Senior Voice -

By Dianne Barske
For Senior Voice 

New Anchorage senior center manager feels right at home

 

Dianne Barske

Becky Parker, right, new General Manager of Anchorage Senior Activity Center, visits with center member Joan Jones. "I was a nurse downtown during the '64 earthquake," Joan says. "Everyone here has such interesting stories," Becky responds. "I think you should tell your story in the memoir writing class."

"Where's my calculator?"

Eyes popping in surprise, Rebecca Parker proclaims, "Yes. It's true. I have been in Anchorage for 41 years!"

Becky and I have known each other for most of those 41 years. We'd met long ago as members of Alaska Press Women, now called Alaska Professional Communicators. I am sitting with her in her new office setting at the Anchorage Senior Activity Center, where she has recently been named General Manager. Feeling like old friends who hadn't had a chance to visit in several years, we realized there was some catching up to do before we began to talk about her new position.

"Anchorage is home," Becky states easily. "I came here directly out of college at Oregon State University. I'm one of a flock of people I know who came here as a trial run, the 'I'll give it two years' group."

I nodded, identifying with this.

"I wasn't sure about the move," she continued. "Alaska seemed so far away from Oregon." We are both amused by this feeling we shared several decades ago.

I've caught Becky just four days into this new position, but she says she is already feeling comfortable in the new role.

"People are already calling me Becky, not Rebecca," she tells me.

"It was an unanticipated career change," she admits. "I'd been working in development at the Blood Bank of Alaska most recently, when several people mentioned this position opening at the senior center. I was told the search committee was looking for someone connected to the community, someone who could make links with community leaders and assist the center in being more visible."

That would make the position seem tailor-made for Becky. Her list of professional links goes on and on: Stakeholder Relations Manager for Alyeska Pipeline Service Company; Special Assistant to the Commissioner of Health and Social Services for the State of Alaska; and President of the Providence Alaska Foundation. Her Anchorage work experience covers 20 years in Public Affairs with ARCO Alaska, including overseeing the ARCO Foundation.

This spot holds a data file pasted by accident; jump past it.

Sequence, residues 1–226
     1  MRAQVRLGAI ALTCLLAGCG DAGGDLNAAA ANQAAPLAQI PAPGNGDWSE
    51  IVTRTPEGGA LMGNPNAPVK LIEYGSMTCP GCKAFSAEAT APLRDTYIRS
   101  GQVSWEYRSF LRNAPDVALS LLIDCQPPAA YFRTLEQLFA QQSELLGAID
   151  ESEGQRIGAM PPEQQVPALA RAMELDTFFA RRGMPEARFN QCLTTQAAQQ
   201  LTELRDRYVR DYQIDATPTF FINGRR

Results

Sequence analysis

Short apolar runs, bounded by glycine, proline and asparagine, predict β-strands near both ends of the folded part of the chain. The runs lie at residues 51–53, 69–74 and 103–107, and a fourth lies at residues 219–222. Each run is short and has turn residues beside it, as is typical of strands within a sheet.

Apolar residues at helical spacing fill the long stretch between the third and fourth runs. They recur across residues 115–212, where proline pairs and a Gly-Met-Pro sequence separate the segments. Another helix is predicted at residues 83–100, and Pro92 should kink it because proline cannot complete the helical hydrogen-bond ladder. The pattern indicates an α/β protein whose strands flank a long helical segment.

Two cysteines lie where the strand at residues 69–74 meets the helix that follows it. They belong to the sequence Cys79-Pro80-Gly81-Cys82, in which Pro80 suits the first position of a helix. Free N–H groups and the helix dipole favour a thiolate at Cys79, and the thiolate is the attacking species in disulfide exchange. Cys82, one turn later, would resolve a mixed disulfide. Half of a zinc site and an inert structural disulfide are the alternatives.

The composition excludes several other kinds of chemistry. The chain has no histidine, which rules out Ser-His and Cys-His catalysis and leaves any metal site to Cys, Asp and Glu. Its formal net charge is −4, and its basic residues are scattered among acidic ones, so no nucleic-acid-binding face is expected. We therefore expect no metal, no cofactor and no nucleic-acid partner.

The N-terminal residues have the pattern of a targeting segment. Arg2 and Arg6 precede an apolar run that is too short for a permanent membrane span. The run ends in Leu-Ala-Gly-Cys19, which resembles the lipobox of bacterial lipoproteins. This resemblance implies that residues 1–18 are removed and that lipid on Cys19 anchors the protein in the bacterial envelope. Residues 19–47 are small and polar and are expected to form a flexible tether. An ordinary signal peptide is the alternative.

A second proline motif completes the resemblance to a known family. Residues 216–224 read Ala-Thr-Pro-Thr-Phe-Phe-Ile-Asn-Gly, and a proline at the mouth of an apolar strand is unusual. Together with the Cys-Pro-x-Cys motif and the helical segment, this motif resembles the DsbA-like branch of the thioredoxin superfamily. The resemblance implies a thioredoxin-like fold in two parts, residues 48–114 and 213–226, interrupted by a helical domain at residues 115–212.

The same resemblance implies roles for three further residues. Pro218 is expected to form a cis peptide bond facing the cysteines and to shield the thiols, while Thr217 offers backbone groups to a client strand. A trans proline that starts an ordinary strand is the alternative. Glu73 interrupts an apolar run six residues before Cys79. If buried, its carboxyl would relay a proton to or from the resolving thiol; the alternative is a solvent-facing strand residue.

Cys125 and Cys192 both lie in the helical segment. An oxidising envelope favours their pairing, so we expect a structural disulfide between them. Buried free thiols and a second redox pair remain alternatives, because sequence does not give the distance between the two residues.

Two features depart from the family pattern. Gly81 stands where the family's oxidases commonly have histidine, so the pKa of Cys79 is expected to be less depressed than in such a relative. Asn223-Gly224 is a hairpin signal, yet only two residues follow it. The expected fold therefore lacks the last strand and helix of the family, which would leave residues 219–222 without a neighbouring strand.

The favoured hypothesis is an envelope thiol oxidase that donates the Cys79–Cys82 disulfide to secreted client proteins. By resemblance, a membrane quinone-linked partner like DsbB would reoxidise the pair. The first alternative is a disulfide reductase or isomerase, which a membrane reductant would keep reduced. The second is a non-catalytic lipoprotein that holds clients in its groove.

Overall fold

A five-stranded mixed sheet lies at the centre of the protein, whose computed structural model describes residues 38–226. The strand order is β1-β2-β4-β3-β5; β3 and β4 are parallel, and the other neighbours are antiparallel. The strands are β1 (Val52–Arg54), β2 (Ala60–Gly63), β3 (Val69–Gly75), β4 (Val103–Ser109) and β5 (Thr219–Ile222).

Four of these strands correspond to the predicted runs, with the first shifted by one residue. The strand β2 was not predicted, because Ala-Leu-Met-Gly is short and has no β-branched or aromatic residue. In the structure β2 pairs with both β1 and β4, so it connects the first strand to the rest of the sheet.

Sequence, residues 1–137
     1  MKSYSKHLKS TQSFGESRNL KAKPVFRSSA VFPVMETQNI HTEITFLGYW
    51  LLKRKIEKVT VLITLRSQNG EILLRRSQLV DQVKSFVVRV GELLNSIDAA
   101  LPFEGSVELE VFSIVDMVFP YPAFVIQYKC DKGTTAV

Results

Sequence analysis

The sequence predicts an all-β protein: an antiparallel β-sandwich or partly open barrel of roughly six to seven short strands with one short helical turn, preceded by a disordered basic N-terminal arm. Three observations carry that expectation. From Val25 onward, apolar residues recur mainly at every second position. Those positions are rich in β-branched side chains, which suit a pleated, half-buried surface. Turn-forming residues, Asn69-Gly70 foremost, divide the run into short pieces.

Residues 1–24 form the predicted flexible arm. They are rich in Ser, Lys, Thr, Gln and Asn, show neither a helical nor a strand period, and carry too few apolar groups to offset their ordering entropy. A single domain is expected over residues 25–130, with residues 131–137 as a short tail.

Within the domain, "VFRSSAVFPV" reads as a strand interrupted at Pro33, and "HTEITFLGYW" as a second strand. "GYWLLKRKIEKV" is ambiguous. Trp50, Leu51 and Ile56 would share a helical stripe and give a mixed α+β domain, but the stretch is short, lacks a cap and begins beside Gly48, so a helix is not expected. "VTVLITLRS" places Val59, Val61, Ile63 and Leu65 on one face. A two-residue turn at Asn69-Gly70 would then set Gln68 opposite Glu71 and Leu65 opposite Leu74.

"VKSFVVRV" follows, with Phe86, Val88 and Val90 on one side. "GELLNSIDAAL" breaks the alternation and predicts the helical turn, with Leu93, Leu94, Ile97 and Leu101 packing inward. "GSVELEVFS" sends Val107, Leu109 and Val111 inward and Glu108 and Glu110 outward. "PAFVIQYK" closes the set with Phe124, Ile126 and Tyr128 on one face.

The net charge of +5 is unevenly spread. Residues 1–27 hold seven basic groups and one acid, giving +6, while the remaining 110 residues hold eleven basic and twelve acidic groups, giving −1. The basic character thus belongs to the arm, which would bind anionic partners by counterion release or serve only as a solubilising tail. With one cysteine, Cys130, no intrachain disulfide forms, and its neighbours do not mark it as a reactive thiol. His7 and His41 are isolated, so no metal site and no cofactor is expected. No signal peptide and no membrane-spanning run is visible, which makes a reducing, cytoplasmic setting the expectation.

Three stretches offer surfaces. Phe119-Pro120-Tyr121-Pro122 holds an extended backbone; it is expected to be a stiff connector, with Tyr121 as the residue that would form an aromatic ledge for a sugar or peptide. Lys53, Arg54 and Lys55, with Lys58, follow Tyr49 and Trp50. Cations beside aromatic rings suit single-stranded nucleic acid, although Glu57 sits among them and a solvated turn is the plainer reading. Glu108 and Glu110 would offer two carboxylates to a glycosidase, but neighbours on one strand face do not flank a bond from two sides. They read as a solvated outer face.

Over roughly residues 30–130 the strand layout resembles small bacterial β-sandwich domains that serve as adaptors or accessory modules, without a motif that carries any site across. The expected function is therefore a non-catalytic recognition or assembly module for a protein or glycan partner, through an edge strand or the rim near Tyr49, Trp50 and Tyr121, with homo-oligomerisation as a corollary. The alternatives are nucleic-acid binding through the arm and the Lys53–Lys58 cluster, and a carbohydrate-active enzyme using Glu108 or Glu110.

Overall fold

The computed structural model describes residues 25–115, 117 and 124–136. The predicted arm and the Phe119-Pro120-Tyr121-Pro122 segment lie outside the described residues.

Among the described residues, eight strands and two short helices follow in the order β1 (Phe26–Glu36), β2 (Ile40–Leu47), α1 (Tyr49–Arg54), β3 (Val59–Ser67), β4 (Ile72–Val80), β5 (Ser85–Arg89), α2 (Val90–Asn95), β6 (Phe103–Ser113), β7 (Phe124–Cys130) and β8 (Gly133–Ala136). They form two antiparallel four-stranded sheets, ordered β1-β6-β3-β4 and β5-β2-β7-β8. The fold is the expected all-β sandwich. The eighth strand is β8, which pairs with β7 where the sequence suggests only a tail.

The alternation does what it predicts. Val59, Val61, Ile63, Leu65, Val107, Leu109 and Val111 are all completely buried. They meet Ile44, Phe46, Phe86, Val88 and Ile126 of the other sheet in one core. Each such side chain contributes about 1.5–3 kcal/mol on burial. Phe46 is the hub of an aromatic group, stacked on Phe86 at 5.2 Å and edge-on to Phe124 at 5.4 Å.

Becky brings with her years of service on many community boards as well – Alaska Public Media, Catholic Social Services, Anchorage Opera – and she's past president of the Anchorage Downtown Rotary Club and the Imaginarium. Adding to her credentials are awards such as being named one of the YWCA Women of Achievement, Anchorage School District Volunteer of the Year and Oregon State University Alumni Fellow.

I would add simply that she makes a fine friend. Although so new on this job, she's already been moving about the senior center, making friends.

"There's so much going on here, such interesting people, real people with stories to tell. I just visited with one man who moved to Anchorage after losing his wife, was lonely, so went to one of our socials – and met his future wife. I think the most important word in our center's name is "activity" – Anchorage Senior Activity Center."

She takes a moment to list some of the activities that she's already observed.

"There's quilting, chorus, art classes, memoir writing, dances, discussion groups, computer classes, a restaurant, catering, a ballroom, a wonderfully equipped fitness center. It amazes me. I recently visited a senior center in Northeast Portland. It was fine, but we shine in comparison."

Becky knows with all those new friends to make, it will be difficult to simply sit at her desk.

"When a group of 50 to 70 people was here for a social hour the other day, they all came to greet me. That was so welcoming, so kind! There was music and some dancing. A gentleman approached me. 'Let's dance!' And off we went. There's so much going on here, so much good fun. A focus of our mission is to promote healthy lifestyles. I see that going on all around me."

It is obvious from the center's October calendar that Becky will need to get her feet on the ground quickly. A Members First Campaign is beginning that month, stressing the benefits of ASAC membership. There are currently 2,300 members from all over the community, according to Becky, and the center wants to be sure that members receive the benefits allotted to them – such as the fitness classes and use of fitness equipment, the computer lab, the library and art activities in the craft room. There will be the big book sale on October 3, 4 and 5. The annual membership meeting is scheduled for October 7, with the opportunity to meet the new board of directors. Will there be a Halloween or fall celebration?

"We celebrate everything there is to celebrate!" Becky says.

There are major improvements to the center that need to be addressed now.

"The center was part of the Project '80s developments," Becky says. "It is now 31 years old. We have requests to the mayor's office for budgeting to assist with safety and security improvements, building improvements and plant and equipment improvements. Our total capital budget request is $3,045,000."

As we are ending our visit on this major note, Becky stops in the lobby to talk with a member seated there.

"Hi Joan," Becky says, remembering her name. I ask Joan how long she's been member. "Just a week or two," she tells me, "but I've already discovered it's like a little, friendly city, a busy one."

Both Becky and Joan are new to this place full of activity, but it seems apparent that both belong.

 
 

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